I've grown a little numb to the shocking revelations of this financial crisis, but every so often, a story will drop my jaw and make me go "wow."
Today's candidate: Pro Publica's The Magnetar Trade.
One of the authors, Jesse Eisinger, you may remember from the Wall Street Journal. I admired his stuff during his tenure there. He impressed me as a smart guy who liked to dig -- and then dig some more.
The "Magnetar trade" Yves Smith apparently has written about at some length in her new book Econned. She has mentioned Magnetar a few times on her blog, without going into too much detail (I'm sure her book does, and I'm dying to read it. Where's my review copy, dammit? :))
Right now, Magnetar looks like the scariest enabler of this subprime bubble I've seen so far. Of course Michael Lewis looked at the enabling role the shorts played in his The Big Short. But the players he interviews were small. And they were only indirectly feeding the subprime lunacy.
To wit: as long as there was appetite for products packed with questionable home mortgages (the securities known as CDOs, or collateralized debt obligations), his shorts would happily take the other side of the trade. But, as far as I can tell, they weren't actively instigating the creation of these crap-congested things.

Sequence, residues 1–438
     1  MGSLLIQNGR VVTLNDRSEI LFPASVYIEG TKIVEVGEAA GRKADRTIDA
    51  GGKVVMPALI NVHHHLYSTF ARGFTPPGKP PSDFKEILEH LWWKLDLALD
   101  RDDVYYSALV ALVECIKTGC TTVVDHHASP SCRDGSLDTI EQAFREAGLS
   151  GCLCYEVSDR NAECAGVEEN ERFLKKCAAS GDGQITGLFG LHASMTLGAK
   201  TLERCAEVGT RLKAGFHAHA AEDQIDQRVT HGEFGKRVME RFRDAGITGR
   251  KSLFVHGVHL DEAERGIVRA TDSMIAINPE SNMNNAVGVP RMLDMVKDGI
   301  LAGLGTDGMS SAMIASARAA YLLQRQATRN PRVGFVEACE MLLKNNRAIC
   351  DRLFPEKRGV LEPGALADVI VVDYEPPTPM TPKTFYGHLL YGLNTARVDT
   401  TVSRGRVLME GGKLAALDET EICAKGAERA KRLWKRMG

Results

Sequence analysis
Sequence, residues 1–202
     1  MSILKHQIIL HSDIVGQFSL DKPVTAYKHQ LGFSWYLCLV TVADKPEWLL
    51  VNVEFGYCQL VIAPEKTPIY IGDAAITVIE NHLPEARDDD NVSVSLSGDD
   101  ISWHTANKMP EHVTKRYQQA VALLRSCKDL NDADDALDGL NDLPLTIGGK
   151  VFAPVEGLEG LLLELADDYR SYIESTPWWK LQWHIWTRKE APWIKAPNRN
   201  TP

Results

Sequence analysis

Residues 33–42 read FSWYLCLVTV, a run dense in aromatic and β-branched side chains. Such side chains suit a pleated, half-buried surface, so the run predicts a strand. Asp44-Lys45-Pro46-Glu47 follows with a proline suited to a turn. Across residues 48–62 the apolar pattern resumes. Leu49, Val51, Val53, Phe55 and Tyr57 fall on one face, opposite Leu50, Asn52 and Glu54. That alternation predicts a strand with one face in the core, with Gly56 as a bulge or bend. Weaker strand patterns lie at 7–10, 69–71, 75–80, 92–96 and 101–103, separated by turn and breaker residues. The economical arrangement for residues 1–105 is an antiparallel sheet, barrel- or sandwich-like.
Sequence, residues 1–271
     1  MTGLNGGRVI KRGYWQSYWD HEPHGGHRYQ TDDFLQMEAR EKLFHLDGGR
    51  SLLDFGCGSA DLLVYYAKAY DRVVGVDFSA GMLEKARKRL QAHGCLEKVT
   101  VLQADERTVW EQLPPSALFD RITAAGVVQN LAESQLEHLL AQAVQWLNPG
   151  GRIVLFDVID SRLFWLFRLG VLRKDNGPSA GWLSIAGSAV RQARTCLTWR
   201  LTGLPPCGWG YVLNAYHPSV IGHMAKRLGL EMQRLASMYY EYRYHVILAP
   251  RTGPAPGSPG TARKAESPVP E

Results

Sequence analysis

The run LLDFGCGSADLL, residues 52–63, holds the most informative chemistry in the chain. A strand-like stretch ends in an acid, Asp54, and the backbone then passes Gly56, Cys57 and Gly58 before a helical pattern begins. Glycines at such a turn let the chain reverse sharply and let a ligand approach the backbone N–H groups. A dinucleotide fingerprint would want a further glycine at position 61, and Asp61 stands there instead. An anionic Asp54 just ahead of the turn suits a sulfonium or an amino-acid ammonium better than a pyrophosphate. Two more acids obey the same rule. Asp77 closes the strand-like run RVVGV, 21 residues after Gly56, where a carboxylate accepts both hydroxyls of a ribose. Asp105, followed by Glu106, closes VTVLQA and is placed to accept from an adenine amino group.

Magnetar apparently had a more clever, and dangerous, approach. It offered to buy the lousiest portions of the CDOs (the so-called "equity tranches" -- they're not technically equity, but tend to behave like equity, thus the name). For a high risk investment, the equity tranche is like the canary in the coal mine, an early-warning signal of trouble ahead. Or, to mix animal metaphors: A fish rots from the head down. A CDO rots from the equity tranche up.
So the equity tranche can be hard to place, especially for a shaky investment. And if you can't place it, then the CDO just doesn't get created. So was Magnetar crazy?
Crazy like a fox, it turns out. Because the hedge fund turned around and shorted the entire CDO.
How it made money initially puzzled me, but as far as I could tell (Eisinger keeps it sketchy, presumably because he's writing for a general readership), Magnetar's equity investment was a rather small piece of the CDO, and since the hedge fund was going short on the entire security, it stood to gain more than it would lose. The disturbing brilliance of this strategy: while the CDO is "in the clover," making money, the income thrown off by Magnetar's equity tranche funds its short bet on the CDO. So the fund solved the classic short problem of "how long can I afford to hold out if this thing doesn't blow up soon?"
Read the story. I have a feeling that "Magnetar," before this a name that's been largely under the radar, is about to start attracting a little (unwanted) attention.
Update: My further reading leads me to believe that Magnetar was buying credit-default swaps against other slices of the CDO (larger slices than what it owned certainly), though not the entire CDO.